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APC and the Ministry of Health Celebrated Achievements in Strengthening Health Systems in Post-Ebola Guinea
Minster of Health Édouard Niankoye Lamah describes the successful partnership between the Ministry of Health and the APC project in Guinea during the closing remarks. The USAID-funded Advancing Partners & Communities (APC) project held a high-profile closing ceremony for the Guinea-based Ebola Transmission Prevention & Survivor Services (ETP&SS) program on July 26, 2018 at the Hotel Riviera in Conakry.
During the half-day event, Minster of Health Édouard Niankoye Lamah thanked the APC project for its efforts aiding Ebola survivors in Guinea and recommended continued follow-up to prevent a future outbreak. One day before the closing ceremony, there was an official handover of the eight health facilities renovated by APC to the Minister of Health, hosted at Conakry’s Ignace Deen National Hospital.
The acting director of the USAID Mission, the Director General of the National Agency for Health Security (NAHS), and representatives from the World Health Organization and the U.S. Centers for Disease Control and Prevention participated in the event, as well as the director of the APC project. Around 50 attendees and 10 representatives from local press learned about the project’s achievements and heard from discussion panels featuring the project’s stakeholders and beneficiaries. Participants included Ebola survivors, health services staff and leaders, and representatives from non-governmental organizations working in health.
The director of the APC Guinea office, Dr. Meba Kagone, presented on the project’s activities over the past two years, which have aimed to reduce the risk of resurgence of Ebola and to increase Ebola survivors’ access to appropriate health services. The project’s achievements were also highlighted in success stories, short videos, a photo journal, and posters presented at the event. Since the project was established in June 2016, the ETP&SS program in Guinea worked with the Ministry of Health to achieve the following:
Dr. Sakoba Keïta, Director General of the NAHS, highlights during his speech that the ETP&SS program supported his agency with two of their priorities: prevention of a resurgence of Ebola and support for survivors.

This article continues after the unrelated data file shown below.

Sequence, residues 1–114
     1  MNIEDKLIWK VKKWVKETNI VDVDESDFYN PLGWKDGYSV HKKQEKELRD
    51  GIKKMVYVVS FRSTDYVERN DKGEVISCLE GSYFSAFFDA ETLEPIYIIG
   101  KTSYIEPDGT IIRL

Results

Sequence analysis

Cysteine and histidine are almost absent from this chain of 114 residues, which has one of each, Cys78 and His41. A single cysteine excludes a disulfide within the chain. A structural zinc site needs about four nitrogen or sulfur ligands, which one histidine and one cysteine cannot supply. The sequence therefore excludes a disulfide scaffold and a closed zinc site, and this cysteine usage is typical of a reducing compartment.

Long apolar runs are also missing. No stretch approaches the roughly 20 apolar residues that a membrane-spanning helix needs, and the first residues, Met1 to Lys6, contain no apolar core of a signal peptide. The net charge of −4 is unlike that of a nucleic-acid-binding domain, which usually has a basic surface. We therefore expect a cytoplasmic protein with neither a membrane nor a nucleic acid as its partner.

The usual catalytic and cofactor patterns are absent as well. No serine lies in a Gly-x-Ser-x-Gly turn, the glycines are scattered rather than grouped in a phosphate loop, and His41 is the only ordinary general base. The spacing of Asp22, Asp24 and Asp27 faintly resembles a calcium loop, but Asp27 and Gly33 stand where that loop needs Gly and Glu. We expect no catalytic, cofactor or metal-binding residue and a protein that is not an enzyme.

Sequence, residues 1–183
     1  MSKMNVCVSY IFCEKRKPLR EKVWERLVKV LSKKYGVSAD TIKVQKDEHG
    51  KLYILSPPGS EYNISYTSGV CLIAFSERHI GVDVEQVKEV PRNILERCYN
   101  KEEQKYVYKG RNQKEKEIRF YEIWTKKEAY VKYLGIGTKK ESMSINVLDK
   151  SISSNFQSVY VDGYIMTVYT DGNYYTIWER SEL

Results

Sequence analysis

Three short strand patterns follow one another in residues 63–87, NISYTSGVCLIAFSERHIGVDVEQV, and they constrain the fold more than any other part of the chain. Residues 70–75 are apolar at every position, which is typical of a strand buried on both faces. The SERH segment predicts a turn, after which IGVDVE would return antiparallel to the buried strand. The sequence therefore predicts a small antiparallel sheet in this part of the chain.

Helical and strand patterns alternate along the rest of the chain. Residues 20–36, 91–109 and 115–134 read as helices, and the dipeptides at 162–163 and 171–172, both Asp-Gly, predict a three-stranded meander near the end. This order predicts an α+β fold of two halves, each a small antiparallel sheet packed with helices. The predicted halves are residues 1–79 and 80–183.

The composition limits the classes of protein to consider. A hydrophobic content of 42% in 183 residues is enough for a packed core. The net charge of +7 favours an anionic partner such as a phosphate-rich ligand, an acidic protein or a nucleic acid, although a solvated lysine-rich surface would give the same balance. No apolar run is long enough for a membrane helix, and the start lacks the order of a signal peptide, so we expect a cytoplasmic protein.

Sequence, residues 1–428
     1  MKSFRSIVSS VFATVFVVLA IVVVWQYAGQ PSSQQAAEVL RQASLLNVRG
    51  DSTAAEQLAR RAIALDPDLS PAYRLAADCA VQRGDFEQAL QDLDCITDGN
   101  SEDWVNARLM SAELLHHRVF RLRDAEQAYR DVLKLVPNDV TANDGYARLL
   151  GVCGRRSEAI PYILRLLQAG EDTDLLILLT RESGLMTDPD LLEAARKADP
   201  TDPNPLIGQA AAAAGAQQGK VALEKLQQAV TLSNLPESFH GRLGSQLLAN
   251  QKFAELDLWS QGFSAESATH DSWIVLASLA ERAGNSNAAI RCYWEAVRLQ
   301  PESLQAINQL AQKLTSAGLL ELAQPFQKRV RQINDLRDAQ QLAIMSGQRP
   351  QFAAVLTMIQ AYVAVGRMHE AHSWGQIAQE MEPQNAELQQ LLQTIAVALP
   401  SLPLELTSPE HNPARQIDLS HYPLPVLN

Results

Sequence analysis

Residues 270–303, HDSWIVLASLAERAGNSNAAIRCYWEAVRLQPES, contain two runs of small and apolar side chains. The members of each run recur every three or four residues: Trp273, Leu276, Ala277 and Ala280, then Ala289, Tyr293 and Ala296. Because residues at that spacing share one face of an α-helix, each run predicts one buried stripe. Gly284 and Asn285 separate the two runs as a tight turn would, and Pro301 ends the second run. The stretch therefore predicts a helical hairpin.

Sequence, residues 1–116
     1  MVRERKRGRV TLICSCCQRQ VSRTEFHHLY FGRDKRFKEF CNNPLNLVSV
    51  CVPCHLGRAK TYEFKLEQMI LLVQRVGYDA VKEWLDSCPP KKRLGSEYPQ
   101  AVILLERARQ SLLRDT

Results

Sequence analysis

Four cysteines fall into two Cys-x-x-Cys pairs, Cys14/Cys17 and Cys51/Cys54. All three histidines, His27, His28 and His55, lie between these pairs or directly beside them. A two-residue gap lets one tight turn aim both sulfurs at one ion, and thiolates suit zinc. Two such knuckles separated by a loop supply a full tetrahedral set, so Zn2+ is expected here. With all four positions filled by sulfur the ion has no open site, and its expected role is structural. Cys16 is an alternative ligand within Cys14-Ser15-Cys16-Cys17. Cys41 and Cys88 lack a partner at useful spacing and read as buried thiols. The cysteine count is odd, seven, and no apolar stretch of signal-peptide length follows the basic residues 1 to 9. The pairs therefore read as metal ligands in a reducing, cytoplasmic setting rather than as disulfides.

Ms. Brioni James, Acting Director of USAID in Guinea, opened the ceremony reminding the audience of the scope of the Ebola epidemic in Guinea. “USAID through its Ebola Transmission Prevention & Survivor Services program has supported the Guinean government to address these concerns by strengthening surveillance to prevent the resurgence of Ebola and ensure health support for survivors of the disease,” Ms. James said at the event. “I encourage NAHS to continue its efforts to sustain the achievements of the program to prevent the resurgence of Ebola.”
The event included two panels, one on the project’s surveillance activities and one on the project’s results. Dr. Sakoba Keïta, Director General of the NAHS, participated in both panels. Dr. Sakoba also noted that the Democratic Republic of Congo has just declared an end to their ninth Ebola outbreak, whereas Guinea has had only one tragic and widespread outbreak. Therefore, continuing close surveillance is critical to prevent another outbreak in Guinea. He stated his agency is committed to continuing the sentinel site surveillance program until 2020 or until the scientific research can prove definitively that the survivors no longer carry the virus in their system. "We must stay vigilant in the face of this terrible threat to our population," Dr. Sakoba said.
During the panel on surveillance, Dr. N’Faly Magassouba, Director of Guinea's National Laboratory for Hemorrhagic Fevers, discussed the three regional laboratories' capacity to conduct testing of semen from eligible male survivors. 89.5% of eligible male survivors aged 15 years and older participated in the last round of quarterly testing supported by APC's ETP&SS Program, in close coordination with the US National Institutes of Health (NIH). The testing results will contribute to NIH's research in the sub-region on viral persistence in certain bodily fluids, such as semen. Dr. Tolno, local representative of NIH in Guinea, also participated in this panel, moderated by Dr. Moussa Koné, Director of the Surveillance Department at the NAHS.
During the discussion, a participant from the audience highlighted the importance of providing better mental health care for survivors in Guinea, a health specialty which is critically neglected and deficient in Guinea and across West Africa. The ETP&SS Program, through its grantee, International Medical Corps, deployed regional medical doctors in the program's priority intervention regions who provide supportive supervision and mentoring to local health workers to improve the quality of care for survivors and to support referrals for specialty care, such as psychiatry, when needed but not available in the remote regions of Guinea. The program has also trained over 200 community and religious leaders in stigma reduction and, with social support through the national network of Ebola survivors (RENASEG) and the local survivor associations, has promoted the reintegration of survivors fully into their communities. Through key program interventions such as these, ETP&SS is helping to address the mental health needs of survivors and to increase survivors’ access to health services.